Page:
Veins are thin-walled structures inside of which a set of valves keeps blood in the body flowing in one direction. The heart pumps oxygen-rich blood to the body’s tissues through thicker-walled arteries; the veins return that blood to the heart. Veins located close to the surface of the skin are called superficial veins and the veins found in the muscles of the arms and legs are called deep veins.
Damaged vein walls hinder the circulatory system, allowing blood to collect and flow in a retrograde (backward) fashion when the muscles relax. This creates an unusually high-pressure buildup in the veins. This buildup causes further stretching and twisting of the veins, increased swelling, more valve incompetence, sluggish blood flow and potential blood clot formation. Eventually, this condition can lead to various disorders known as venous disease.
Early symptoms may seem minor. However, they can become more serious – and even life-threatening – if they are not treated. Which is why it is important to be aware of symptoms and seek medical advice at the earliest sign of a problem.
Varicose Veins. Varicose veins are twisted, swollen veins near the surface of the skin and occur when weak or defective valves allow blood to flow backward or stagnate within the vein. Chronic obstruction of the veins can also cause varicose veins, but in most cases no underlying abnormality can be identified. Varicose veins are quite common, though women are affected twice as often as men. Usually appearing in the legs, varicose veins may also occur in the anus, where they are known as hemorrhoids. While not a serious health risk, varicose veins can be eliminated for cosmetic reasons or if they cause discomfort.
Deep Vein Thrombosis. A thrombosis is a blood clot. Deep vein thrombosis (DVT) refers to a blood clot in the leg that does not travel to other parts of the body. Most DVTs occur in the veins in the calf, but they also can occur in the thigh and in the hip area. These blood clots usually begin in areas where the ability of the blood to clot is out of balance or where blood flow is stopped or decreased, for example when there is an injury to the blood vessel wall. Each year, up to 800,000 Americans suffer from DVT.
Pulmonary Embolism. Pulmonary embolism is a blockage in an artery in the lungs. It occurs when a blood clot – usually from the legs (deep vein thrombosis) – breaks off, is carried through the bloodstream and lodges in the arteries in the lungs. This blocks the flow of blood through the heart, which may lead to death.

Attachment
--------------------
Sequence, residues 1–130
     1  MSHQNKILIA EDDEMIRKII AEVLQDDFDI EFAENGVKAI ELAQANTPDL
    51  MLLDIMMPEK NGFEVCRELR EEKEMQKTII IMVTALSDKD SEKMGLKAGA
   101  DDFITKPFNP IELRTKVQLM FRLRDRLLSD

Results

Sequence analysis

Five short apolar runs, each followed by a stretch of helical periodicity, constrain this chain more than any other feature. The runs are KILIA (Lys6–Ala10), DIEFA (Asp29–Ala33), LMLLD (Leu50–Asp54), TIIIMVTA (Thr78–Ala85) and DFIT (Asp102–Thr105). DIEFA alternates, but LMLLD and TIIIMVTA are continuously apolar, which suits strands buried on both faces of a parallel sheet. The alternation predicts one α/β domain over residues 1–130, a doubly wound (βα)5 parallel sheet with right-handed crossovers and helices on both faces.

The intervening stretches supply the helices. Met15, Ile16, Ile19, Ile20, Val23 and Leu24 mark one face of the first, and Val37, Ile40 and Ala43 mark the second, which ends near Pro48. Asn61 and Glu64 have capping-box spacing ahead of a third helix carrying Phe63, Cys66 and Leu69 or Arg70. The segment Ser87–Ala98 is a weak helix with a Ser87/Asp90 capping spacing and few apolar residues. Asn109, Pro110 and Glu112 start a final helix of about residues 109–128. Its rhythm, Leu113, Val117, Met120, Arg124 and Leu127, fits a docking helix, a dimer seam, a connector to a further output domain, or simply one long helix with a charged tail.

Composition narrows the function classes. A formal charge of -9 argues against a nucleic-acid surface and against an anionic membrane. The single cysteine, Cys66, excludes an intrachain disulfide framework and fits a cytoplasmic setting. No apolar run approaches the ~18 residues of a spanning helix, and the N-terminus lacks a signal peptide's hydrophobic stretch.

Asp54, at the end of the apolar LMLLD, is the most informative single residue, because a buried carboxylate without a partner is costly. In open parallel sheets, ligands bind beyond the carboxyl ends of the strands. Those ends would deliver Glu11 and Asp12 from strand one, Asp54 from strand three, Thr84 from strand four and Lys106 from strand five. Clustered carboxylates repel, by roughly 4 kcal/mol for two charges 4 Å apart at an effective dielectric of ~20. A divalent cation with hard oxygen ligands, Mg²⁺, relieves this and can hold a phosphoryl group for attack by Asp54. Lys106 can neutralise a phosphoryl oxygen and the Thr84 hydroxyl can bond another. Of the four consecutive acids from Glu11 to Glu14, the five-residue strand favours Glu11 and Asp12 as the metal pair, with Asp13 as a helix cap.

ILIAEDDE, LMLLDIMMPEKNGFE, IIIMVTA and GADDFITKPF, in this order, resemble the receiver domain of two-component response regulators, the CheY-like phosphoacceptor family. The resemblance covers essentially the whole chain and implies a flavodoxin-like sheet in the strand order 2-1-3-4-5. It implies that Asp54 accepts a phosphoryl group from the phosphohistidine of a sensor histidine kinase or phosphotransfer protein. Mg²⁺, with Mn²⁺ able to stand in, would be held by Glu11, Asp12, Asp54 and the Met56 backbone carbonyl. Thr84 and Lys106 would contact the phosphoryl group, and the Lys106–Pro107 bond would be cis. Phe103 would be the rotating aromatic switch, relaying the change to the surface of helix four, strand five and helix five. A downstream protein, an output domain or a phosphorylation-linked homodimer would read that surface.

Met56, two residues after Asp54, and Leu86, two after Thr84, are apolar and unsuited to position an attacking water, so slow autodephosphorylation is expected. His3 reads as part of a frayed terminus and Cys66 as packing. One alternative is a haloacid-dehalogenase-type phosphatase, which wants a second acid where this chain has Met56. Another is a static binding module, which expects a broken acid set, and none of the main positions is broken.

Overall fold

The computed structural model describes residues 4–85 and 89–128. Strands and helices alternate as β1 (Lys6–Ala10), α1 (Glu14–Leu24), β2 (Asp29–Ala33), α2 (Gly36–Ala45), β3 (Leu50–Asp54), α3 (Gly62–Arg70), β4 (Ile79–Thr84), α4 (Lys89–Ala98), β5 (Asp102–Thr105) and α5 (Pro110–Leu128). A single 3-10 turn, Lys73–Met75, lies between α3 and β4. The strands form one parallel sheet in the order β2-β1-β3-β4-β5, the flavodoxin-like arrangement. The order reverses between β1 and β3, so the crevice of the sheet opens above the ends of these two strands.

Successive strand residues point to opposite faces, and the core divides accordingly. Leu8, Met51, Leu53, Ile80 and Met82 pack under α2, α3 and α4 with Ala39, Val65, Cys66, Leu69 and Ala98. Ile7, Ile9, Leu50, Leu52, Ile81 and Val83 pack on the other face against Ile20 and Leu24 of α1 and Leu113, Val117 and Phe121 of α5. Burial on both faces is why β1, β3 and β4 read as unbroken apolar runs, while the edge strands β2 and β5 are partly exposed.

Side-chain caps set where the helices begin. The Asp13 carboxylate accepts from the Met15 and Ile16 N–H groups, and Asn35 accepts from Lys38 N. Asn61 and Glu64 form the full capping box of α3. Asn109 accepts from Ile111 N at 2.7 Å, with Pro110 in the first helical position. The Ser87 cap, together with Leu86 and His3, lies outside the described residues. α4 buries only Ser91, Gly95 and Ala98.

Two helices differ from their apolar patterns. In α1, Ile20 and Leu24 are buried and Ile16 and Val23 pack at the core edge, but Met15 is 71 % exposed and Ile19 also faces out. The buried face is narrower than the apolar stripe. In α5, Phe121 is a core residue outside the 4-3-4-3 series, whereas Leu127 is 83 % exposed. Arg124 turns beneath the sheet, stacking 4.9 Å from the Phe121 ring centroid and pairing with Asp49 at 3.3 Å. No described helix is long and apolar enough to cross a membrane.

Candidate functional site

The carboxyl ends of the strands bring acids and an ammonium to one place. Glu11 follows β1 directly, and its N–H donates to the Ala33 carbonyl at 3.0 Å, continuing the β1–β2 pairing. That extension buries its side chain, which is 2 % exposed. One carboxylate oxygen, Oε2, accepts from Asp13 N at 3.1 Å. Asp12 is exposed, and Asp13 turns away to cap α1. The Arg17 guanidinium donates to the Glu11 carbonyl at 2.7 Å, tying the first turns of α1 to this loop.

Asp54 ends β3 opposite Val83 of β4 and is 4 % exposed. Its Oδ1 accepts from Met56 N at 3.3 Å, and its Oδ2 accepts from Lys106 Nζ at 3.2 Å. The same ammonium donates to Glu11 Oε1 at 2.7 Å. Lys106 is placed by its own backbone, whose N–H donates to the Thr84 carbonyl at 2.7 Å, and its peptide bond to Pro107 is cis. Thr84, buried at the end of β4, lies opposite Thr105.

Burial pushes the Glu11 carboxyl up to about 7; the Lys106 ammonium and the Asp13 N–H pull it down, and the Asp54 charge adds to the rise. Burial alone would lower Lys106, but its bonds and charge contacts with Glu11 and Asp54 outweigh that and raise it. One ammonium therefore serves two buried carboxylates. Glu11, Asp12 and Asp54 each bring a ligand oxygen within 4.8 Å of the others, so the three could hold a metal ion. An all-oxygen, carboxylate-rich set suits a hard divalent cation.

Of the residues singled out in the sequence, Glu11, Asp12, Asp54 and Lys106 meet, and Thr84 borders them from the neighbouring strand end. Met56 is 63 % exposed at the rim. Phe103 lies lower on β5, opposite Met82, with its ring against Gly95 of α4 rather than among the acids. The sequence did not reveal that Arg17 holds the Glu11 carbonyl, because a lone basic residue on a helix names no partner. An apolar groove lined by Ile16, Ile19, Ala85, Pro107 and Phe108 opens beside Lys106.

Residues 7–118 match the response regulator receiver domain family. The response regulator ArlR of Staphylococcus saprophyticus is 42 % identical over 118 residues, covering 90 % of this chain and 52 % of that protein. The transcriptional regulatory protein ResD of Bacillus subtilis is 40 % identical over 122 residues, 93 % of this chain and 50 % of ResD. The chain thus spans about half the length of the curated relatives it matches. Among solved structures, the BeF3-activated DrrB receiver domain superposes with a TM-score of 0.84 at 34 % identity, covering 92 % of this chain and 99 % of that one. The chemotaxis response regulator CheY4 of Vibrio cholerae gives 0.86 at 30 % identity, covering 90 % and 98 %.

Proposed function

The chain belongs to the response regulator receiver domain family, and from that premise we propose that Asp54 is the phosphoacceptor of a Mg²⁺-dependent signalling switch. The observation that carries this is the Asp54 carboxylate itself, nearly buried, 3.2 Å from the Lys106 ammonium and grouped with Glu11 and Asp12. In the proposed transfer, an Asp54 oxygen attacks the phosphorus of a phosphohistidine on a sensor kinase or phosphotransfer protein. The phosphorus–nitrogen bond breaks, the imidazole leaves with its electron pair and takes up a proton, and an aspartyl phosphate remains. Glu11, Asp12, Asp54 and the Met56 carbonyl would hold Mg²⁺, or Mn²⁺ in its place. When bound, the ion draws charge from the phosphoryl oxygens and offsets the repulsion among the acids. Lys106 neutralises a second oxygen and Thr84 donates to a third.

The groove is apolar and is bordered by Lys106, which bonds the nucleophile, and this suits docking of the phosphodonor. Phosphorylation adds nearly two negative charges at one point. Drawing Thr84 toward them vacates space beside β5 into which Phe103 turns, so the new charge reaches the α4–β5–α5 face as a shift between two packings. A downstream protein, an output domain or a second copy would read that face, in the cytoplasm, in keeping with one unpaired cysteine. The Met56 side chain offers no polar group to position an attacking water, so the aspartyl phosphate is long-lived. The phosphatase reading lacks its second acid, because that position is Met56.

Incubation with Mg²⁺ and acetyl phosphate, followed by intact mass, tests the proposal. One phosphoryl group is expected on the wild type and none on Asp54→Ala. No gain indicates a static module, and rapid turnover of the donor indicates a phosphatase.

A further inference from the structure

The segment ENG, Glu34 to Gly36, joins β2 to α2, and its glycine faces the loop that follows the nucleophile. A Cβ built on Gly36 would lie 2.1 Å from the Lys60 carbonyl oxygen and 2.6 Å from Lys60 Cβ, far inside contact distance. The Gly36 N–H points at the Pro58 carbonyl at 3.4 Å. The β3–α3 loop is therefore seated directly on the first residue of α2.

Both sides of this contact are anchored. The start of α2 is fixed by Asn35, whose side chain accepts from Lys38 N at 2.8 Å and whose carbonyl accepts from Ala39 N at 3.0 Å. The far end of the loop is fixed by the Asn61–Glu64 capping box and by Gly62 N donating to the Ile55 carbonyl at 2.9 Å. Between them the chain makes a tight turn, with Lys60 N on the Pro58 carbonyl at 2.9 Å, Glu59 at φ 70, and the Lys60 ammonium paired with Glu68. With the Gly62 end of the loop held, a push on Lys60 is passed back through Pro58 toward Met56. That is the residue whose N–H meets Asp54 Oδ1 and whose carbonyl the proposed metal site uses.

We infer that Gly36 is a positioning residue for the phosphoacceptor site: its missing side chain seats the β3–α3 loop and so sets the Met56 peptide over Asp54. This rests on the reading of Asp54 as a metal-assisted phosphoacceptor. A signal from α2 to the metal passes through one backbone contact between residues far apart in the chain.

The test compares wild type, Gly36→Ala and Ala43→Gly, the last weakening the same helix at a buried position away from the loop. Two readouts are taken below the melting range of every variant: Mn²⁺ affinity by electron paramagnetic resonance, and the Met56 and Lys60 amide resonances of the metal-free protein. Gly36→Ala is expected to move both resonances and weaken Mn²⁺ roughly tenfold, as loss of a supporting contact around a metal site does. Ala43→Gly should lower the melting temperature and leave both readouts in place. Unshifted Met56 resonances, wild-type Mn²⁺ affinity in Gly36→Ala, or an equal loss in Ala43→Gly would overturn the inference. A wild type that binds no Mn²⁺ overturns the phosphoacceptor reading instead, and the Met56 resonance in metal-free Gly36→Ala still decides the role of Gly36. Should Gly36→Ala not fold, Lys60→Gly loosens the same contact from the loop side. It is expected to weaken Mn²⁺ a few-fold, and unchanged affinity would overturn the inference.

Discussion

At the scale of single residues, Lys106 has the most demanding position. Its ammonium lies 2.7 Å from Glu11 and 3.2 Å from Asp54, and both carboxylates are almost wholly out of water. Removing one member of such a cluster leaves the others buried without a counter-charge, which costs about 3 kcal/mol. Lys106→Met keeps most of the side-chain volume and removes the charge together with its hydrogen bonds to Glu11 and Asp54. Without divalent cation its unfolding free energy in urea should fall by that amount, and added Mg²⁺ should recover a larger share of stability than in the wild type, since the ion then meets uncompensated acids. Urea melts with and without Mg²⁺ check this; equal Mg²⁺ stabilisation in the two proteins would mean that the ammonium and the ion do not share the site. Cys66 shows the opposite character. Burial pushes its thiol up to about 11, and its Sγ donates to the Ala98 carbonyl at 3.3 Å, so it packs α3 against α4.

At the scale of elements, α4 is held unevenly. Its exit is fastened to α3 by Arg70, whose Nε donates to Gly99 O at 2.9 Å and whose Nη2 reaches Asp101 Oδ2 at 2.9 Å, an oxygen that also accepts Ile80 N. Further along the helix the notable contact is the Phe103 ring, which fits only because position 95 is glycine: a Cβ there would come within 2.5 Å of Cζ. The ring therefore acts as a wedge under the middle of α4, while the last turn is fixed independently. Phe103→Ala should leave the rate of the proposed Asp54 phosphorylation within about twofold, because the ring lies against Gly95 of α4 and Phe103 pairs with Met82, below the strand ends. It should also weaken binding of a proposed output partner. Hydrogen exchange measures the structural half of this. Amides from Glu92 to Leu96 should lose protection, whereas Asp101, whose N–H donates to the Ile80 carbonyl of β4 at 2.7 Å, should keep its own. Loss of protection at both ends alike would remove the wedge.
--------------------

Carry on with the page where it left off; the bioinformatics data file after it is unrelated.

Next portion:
When to Call Your Doctor
Call your doctor if you have a painful, swollen vein that does not disappear in a few days, or if you have unexplained swelling in an arm or leg.
- Aching pain
- Easily tired legs
- Leg heaviness
- Swelling in the legs
- Darkening of the skin (in severe cases)
- Numbness in the legs
- Itching or irritated rash on the legs
Deep Vein Thrombosis
- Aching pain
- Swelling in area of blood clot
- Warmth and redness in area of blood clot
- Chest pain (often sudden)
- Shortness of breath
- Sharp pain that worsens when taking a deep breath
- Coughing up blood
- Stagnation of blood flow due to immobility. This is common among bedridden patients (such as heart patients and those who have undergone any type of major or orthopedic surgery, especially of the hip or knee) and healthy persons who sit or lie still for an extended period –for example, on a long trip.
- Blood vessel injury, caused by trauma, intravenous catheters or needles, chemotherapeutic agents, or infectious organisms.
- Conditions that increase the tendency for blood to coagulate, such as a familial deficiency in anti-clotting factors or disorders like systemic lupus erythematosus.
Follow prevention tips as recommended by your doctor. These can include walking, controlling weight, wearing low-heeled shoes and avoiding long periods of sitting or standing in one position. Be sure to stand up and walk around often on long trips in airplanes or automobiles. Following a heart attack or major surgery, low doses of an anticoagulant (such as heparin or warfarin) may be recommended. Getting up and walking around again as soon as possible following either of those events is also advised.
Contact for Appointment
Spring of Youth Medical Group
1155 Ocean Springs Rd.
Ocean Springs, MS 39564
Monday – Thursday: 8:00 a.m. – 5:00 p.m.
Saturday – Sunday: Closed